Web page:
The cant coming from the bipartisan brigade has been ratcheted up by its wealthiest enthusiast, Mayor Mike. As the NY Sun reports this morning, the mayor has begun to sharply criticize his putative rivals for their supposed shortcomings, as he prepares to attend a conference in Oklahoma called for by a bunch of irrelevant, aged Brahmans: "Mr. Bloomberg said he is attending the Oklahoma conference to "find a way to take an independent approach to government" and to "find a way to get partisanship out of politics and get the special interests out."
This is, of course, simply a load of crap-and it recalls the Progressive Age when, as Richard Hofstadter has pointed out, the "better folks" were feeling squeezed out by the newly empowered democratic surge of immigrants. Put simply, it is interest groups that generate the democratic vitality of American politics, and those who seek to either eliminate them or rein them in, are the same folks who are uncomfortable with the messier features of a democratic polity.
This all goes back quite a long way, but the basic philosophical underpinnings got a very trenchant exposition in Theodore Lowi's The End of Liberalism. Lowi felt that the interplay of interests insufficiently promoted the public good, and searched for a better process to achieve this philosophical Holy Grail. It should be pointed out that Lowi began his analytical journey studying politics in NYC.
The so-called independent approach to politics that Bloomberg talked about yesterday would find a comfortable niche in Lowi's world view. It's a world where expertise supersedes democratic bickering-and it hearkens back to the Platonic tradition that was suspicious of the masses and their ability to govern. We should remember, however, that the American political tradition recognizes the importance of voluntary associations and factions-as anyone familiar with Federalist X and the work of Tocqueville will attest.
When we eliminate the role of these intermediary institutions we're simply paving the way for something that's quite less democratic, and certainly something that doesn't necessarily lead to the public good; since it is based on the assumption that the "independent way" (really a euphemism for the rule of the expert or the philosopher king, if you will) is superior to the cacophony of "special interests."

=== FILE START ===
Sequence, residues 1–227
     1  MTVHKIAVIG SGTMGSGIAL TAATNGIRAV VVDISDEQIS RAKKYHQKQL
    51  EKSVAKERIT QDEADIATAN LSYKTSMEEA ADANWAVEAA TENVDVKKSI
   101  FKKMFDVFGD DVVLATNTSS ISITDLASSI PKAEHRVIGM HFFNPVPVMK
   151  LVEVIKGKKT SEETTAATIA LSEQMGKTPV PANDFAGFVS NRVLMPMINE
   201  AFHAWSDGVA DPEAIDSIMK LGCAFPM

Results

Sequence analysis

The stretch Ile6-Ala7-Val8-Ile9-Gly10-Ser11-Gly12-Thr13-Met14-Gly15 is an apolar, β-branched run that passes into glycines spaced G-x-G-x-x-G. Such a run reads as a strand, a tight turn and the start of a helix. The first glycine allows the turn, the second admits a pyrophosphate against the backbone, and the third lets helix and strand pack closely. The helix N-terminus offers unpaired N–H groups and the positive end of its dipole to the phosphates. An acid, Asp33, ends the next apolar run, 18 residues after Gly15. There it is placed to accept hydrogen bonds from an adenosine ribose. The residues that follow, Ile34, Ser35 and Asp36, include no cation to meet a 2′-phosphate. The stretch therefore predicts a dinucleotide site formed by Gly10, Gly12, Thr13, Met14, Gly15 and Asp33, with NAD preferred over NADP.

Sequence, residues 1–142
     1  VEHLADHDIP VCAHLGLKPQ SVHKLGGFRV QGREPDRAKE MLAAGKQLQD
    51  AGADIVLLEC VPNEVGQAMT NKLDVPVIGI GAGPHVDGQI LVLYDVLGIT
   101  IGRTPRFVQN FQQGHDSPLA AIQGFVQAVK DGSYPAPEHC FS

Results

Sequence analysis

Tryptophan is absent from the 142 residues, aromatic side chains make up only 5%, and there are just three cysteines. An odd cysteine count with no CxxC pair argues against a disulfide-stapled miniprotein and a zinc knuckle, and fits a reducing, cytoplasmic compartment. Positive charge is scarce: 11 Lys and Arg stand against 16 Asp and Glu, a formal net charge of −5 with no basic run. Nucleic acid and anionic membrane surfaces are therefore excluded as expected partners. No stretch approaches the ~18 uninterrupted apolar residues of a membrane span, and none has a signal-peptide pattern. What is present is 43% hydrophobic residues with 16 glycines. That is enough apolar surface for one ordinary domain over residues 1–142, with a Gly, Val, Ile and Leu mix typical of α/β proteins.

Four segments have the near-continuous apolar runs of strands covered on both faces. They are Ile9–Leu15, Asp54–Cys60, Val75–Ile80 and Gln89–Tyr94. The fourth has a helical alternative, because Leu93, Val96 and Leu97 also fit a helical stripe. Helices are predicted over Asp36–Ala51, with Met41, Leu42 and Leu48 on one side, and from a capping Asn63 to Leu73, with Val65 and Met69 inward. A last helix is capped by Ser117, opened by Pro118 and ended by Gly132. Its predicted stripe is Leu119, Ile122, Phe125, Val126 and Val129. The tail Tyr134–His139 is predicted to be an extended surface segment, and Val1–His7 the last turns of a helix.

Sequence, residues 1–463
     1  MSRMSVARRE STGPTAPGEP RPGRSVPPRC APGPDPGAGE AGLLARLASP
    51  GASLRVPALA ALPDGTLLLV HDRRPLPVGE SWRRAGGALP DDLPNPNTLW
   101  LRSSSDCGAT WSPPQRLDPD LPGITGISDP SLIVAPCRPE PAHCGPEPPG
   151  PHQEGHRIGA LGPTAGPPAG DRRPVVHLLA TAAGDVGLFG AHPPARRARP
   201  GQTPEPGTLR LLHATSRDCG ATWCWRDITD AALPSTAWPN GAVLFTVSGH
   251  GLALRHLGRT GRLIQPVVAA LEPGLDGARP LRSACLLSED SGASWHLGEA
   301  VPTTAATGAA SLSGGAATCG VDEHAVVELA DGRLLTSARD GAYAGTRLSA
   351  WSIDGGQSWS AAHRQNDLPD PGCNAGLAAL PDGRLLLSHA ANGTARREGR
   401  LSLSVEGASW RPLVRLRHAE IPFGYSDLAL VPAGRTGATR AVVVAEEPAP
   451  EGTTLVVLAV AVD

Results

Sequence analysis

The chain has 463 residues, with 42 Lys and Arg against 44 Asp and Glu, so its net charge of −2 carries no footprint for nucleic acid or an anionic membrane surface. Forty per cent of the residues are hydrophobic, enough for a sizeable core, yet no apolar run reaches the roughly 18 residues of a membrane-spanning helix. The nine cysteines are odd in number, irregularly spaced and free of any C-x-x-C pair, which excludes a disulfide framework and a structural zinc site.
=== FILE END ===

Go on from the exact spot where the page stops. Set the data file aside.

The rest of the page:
And when you deconstruct the term "special interests," what do you discover? We think you'll find that it represents all of the multi varied interest groups that make up a democratic polity; with many of these groups actually being represented by nefarious folks called lobbyists. Ironically, what we see here is the obverse of the shrill cry of the Edwards campaign, coming from a suspicion of certain corporate groups that represent the wrong special interests. The logical progression in both strands of thought, however is, as we've said, something a good deal less democratic than the system we have today-since in both views there is a larger public good that can only be discerned by the wise expert and/or the initiated chosen ones.
So, as the NY Times also reports, the mayor is off on his own version of the Yellow Brick Road. And he offers the following observation: "With unusually dismissive language, Mayor Michael R. Bloomberg offered tart assessments of his potential presidential rivals at a news conference on Wednesday, suggesting they are offering meaningless bromides rather than serious answers to the problems confronting the country."
So we await the pronouncements of our own philosopher king, someone for whom bromides is apparently an anathema; someone who is willing perhaps to spend up to a billion dollars to simply speak the truth, unencumbered by special interests- to a public that is starved for honesty in a tawdry political world that needs to be remade by Mayor Mike. This is all on the order of the Santa Claus fable, and we'll leave you with the jolly old elf's patented phrase: "Ho, Ho, Ho."
Today's Wall Street Journal has an excellent critique of the Bloomberg boomlet, with a useful evaluation of the mayor's rather mixed tenure as the city's chief executive: "What Mayor Bloomberg hasn't done is challenge the union status quo over the unsustainable city work force and pensions, which will become a crisis for some future mayor. He has dodged this burden himself because of the revenue boom that has flowed from New York's financial industry in the wake of the Bush tax cuts. He has also been able to play the role of nonpartisan healer in part because Mr. Giuliani was willing to take on the city's liberal interest groups on taxes, welfare, crime and public order. Mr. Bloomberg has a better bedside manner than Mr. Giuliani, but it's also easier to be popular when you're not picking as many policy fights."
In addition, the Journal also points out that a good third party run needs an issue, one that has usually appeals to some aspect of popular discontent. The paper speculates that his will be "competence," and writes the above in critical response. As we've said, however, the Bloomberg faux issue will be non-partisan independence. Still, we can't wait for the deconstruction to begin, and all praise to the ESJ for the first salvo.